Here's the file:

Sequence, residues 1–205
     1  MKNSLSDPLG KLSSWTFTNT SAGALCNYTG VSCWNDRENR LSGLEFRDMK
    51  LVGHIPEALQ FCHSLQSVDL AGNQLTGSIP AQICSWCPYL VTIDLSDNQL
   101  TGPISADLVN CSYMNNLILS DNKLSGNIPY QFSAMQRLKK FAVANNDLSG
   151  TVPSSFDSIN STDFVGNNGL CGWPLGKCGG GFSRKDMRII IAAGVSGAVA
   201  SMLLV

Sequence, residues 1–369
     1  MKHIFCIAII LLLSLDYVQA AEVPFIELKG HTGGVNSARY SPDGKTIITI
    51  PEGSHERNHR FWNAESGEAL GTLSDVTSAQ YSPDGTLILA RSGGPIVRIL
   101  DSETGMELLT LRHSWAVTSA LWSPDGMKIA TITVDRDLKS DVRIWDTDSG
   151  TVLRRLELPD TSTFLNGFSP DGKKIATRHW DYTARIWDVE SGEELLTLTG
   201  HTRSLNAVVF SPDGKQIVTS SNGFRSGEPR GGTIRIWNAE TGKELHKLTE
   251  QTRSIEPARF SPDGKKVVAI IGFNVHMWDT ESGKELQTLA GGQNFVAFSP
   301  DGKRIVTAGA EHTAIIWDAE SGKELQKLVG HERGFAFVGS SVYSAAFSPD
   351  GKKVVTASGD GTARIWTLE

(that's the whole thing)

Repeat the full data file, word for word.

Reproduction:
Sequence, residues 1–205
     1  MKNSLSDPLG KLSSWTFTNT SAGALCNYTG VSCWNDRENR LSGLEFRDMK
    51  LVGHIPEALQ FCHSLQSVDL AGNQLTGSIP AQICSWCPYL VTIDLSDNQL
   101  TGPISADLVN CSYMNNLILS DNKLSGNIPY QFSAMQRLKK FAVANNDLSG
   151  TVPSSFDSIN STDFVGNNGL CGWPLGKCGG GFSRKDMRII IAAGVSGAVA
   201  SMLLV

Sequence, residues 1–369
     1  MKHIFCIAII LLLSLDYVQA AEVPFIELKG HTGGVNSARY SPDGKTIITI
    51  PEGSHERNHR FWNAESGEAL GTLSDVTSAQ YSPDGTLILA RSGGPIVRIL
   101  DSETGMELLT LRHSWAVTSA LWSPDGMKIA TITVDRDLKS DVRIWDTDSG
   151  TVLRRLELPD TSTFLNGFSP DGKKIATRHW DYTARIWDVE SGEELLTLTG
   201  HTRSLNAVVF SPDGKQIVTS SNGFRSGEPR GGTIRIWNAE TGKELHKLTE
   251  QTRSIEPARF SPDGKKVVAI IGFNVHMWDT ESGKELQTLA GGQNFVAFSP
   301  DGKRIVTAGA EHTAIIWDAE SGKELQKLVG HERGFAFVGS SVYSAAFSPD
   351  GKKVVTASGD GTARIWTLE